A necessary but not sufficient criterion for thermodynamic stability is that the structure considered (here T(0)) does not decay on the time scale of the simulations (e.g., to R(0)). However, transition times from T to R can not be determined from such an approach. For this, either a very large number of independent simulations (on the order of hundreds to thousands; see Figure 2) are required, or free energy simulations need to be carried out. As pointed out in El Hage et al. (2018) from the available experimental data, the T(0) to R(0) transition time should be on the order of seconds. The transitions in simulation boxes of 75 Å, 90 Å, and 120 Å all were under one microsecond and increased with increasing box size (Figure 4). Panels (A), (B), and (D) show that the presence or absence of the Fe-His bond does not lead to substantial changes of the time series as far as they have been followed. Panel (B) also reports the changes for simulations with electrostatic cutoffs (green) and when simulations with the Kovalevsky protonation states were carried out (orange). With finite cutoff the T(0) state is stable for at least 150 nanoseconds, and with the Kovalevsky protonation it decays after 60 nanoseconds, in accord with earlier findings (Hub et al., 2010). The radial distribution functions around His146 in our original study (see Figure 6 in El Hage et al., 2018) and from our simulations using the Kovalevsky protonation in the 90 Å box suggest that with the latter protonation state His146 is typically overhydrated as compared with our (stable) simulation in the 150 Å box (see middle panel in Figure 5). Moreover, with the Kovalevsky protonation in the 90Å box, the height of the first and second peak of g(r) is comparable to that of our own simulation in the 90 Å box after T(0) has decayed (at 500 nanoseconds and later; see Figure 4B).

Temporal change of the Cα–Cα distance between His146B1 and His146B2 for the 75 Å box (A), 90 Å box (B), 120 Å box (C), and 150 Å box (D).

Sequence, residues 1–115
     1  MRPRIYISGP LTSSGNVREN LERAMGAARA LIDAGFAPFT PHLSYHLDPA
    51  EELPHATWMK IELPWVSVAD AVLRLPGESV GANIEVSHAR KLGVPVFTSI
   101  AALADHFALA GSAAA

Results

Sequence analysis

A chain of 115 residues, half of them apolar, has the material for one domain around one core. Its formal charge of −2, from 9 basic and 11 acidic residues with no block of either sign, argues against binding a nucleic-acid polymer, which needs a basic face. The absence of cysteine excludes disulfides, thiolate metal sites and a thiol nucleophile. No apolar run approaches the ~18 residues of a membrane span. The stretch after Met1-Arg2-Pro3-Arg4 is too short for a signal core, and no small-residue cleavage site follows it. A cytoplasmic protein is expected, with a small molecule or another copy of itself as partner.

In (A), (C), and (D) the black line reports the time series published and the red line shows the new time series obtained with the new simulation with the Fe–N bond. In (B) the black trace is from El Hage et al. (2018) the red trace for the bonded Fe–His simulations, the green line from using finite cutoffs for evaluating the electrostatics (cutoff 14 Å), and the orange line from using Kovalevsky protonation states for all histidines.
Time-averaged radial distribution functions g(r) between the C-terminal (COO) of His146 and water H for box sizes 90 Å (top) and 150 Å (middle) data from Figure 6 of El Hage et al. (2018) and from before and after the transition, obtained when using the Kovalevsky protonation in the 90 Å box (bottom).

Comparisons of simulations with and without a Fe–His bond show that the Fe–His bond lengths are comparable in all four subunits (see Figure 6). As to the Fe–Fe distances between the various heme groups, only the 120 Å and 150 Å box simulations gave results in agreement with experiment; the smaller boxes did not.

Fe-NHis bond lengths in simulations without (left) and with (right) explicit bond.

The 150 Å box in a T(0) state was also stable for at least 1.3 microseconds, the length of the simulation (Figure 1).

An obvious improvement of our initial study is to run multiple simulations for each box, in particular if one is interested in the kinetics of the T-to-R transition. We are doing additional simulations to examine the box size dependence of the lifetime. However, we point out that it is very difficult to do a sufficient number of independent simulations to obtain converged statistical results for a system the size of hemoglobin. In ten simulations for the 120 Å box reported in the comment, 4 out of the 10 lasted longer than one microsecond, compared with 3 out of 10 for the 90 Å box. In simulation of kinetics hundreds to thousands of individual, reactive trajectories are required for converged reaction time distributions that can be compared with experiment (Yosa and Meuwly, 2011; Soloviov et al., 2016). The data in Figure 3 of the comment cannot report on the kinetics because the number of events observed is too small (Figure 2).